I like the bonus miles idea or the wider seat too.

  4. I think the middle seat person is ENTITLED to both of the armrests – that is the least that the person in the aisle and window can do for the person stuck in that sea

  5. Definitely like the incentive ideas – hope more airlines follow suit st some point. But saying middle seaters are “the worst” is completely self-serving. Now, if you’re referring to the seats themselves and not the people in them, that’s understandable.

    I’ve flown in the middle seat on various domestic flights, but usually only when no other options were available.

    But the last time I was flying out of Newark I actually gave a guy my window seat and sat in the middle. I was pretty exhausted and slept through most of the flight anyway.

  6. I always feel the armrest I am “entitled” to is the one with the recline button. I do hate when another passenger feels that more than one armrest is right. We can share. I do , however, hate when a passenger, middle or otherwise, insists on raising the armrest because they cannot fit into seat without doing this. If it impacts me, I ask that it remain down , politely.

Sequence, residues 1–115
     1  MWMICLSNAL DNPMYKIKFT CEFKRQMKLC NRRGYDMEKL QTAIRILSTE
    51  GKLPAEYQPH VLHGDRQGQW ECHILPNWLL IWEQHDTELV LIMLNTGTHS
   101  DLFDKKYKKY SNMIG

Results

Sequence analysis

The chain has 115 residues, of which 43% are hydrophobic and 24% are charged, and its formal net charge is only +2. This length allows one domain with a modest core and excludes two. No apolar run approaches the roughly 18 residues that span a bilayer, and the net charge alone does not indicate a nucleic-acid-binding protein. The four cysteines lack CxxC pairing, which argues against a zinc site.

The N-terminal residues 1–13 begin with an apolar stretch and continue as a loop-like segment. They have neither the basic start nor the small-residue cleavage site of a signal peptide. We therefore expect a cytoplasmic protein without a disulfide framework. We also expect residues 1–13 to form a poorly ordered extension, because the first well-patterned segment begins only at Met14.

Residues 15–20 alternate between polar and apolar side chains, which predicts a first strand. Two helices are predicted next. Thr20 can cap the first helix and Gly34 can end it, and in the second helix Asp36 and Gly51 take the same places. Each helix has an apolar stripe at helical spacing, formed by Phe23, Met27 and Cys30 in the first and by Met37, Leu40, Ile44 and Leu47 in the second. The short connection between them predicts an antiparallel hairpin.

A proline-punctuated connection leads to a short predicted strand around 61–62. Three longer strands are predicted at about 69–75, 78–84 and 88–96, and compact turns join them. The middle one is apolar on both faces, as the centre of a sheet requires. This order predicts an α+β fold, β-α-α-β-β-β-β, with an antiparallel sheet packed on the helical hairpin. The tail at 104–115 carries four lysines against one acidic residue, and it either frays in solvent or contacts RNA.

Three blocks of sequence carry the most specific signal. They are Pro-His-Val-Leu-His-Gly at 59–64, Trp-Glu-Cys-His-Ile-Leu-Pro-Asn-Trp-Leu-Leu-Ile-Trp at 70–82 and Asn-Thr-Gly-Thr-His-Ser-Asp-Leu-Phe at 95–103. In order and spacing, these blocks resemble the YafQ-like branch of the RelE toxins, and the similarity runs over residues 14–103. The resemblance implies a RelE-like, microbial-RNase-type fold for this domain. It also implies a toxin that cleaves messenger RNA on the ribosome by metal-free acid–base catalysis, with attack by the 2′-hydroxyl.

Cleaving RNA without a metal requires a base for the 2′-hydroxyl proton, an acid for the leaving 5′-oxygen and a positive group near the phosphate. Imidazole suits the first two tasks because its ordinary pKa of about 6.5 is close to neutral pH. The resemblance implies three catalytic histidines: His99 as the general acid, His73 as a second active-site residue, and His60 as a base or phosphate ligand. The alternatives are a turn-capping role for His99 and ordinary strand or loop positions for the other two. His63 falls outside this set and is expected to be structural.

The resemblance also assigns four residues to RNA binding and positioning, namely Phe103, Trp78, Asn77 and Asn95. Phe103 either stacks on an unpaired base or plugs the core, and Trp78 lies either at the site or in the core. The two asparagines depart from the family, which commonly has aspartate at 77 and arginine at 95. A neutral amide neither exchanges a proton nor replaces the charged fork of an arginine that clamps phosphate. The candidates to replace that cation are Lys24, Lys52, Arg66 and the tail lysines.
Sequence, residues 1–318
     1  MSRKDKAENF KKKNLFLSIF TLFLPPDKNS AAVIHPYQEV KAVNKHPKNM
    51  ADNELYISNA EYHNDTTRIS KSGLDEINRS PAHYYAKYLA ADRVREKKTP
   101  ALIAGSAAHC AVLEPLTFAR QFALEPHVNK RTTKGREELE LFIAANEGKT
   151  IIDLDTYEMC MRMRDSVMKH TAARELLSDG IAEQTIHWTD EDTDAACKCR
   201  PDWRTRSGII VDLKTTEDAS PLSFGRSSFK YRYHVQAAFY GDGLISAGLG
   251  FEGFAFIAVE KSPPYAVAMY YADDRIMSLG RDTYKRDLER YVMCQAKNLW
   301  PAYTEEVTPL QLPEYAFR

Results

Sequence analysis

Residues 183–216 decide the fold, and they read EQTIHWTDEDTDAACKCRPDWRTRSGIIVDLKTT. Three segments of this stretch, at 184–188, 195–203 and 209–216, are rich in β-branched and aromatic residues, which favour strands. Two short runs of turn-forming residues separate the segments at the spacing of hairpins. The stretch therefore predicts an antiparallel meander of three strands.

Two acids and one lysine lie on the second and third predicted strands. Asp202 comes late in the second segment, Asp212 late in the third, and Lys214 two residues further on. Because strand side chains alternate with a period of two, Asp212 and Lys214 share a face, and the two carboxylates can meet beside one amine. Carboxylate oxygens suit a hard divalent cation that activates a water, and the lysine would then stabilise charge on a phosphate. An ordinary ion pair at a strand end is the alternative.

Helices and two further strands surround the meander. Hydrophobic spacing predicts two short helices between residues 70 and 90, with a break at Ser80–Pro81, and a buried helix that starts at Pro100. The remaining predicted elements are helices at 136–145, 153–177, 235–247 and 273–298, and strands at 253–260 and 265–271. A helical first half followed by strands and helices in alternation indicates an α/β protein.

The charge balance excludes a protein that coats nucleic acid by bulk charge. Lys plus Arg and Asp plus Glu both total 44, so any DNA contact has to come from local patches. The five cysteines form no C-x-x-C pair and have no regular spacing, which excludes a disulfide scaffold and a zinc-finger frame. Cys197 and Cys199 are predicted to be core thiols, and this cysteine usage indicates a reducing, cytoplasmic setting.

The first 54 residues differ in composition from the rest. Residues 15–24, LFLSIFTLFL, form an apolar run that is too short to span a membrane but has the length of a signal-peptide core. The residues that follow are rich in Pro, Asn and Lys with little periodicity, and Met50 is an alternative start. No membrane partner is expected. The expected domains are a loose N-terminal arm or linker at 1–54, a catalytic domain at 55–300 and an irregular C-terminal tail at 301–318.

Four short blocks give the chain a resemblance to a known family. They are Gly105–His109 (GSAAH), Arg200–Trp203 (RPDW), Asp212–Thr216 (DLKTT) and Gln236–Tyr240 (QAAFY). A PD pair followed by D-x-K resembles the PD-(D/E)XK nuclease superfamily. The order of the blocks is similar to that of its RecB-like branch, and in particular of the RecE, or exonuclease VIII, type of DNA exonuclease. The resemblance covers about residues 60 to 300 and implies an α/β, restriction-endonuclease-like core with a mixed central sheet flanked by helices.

7. Way #4: Get hammered beforehand at the airport Chili’s.

    Way #5: Remove your shoes and socks. Enjoy your newly found personal space.

    Way #6: Take a train instead.

    Way #7: Quit, and take a job with an employer who values your time.

    Way #8: Run for President. It can’t be that hard.

  8. “We’ll let you in on a little secret. If you’re flying Vietnam Airlines (www.vietnamairlines.com) ask for the middle seat. That’s right. The middle seat. On several aircraft, for some reason, this is the roomiest. The middle seats are actually a couple of inches wider than the aisle and window seats.”


  9. They should make The middle seat 2 inches wider and give a free drink to the person sitting there

  10. @Der Fliegende Amerikaner Thanks for sharing, I’d never seen that before!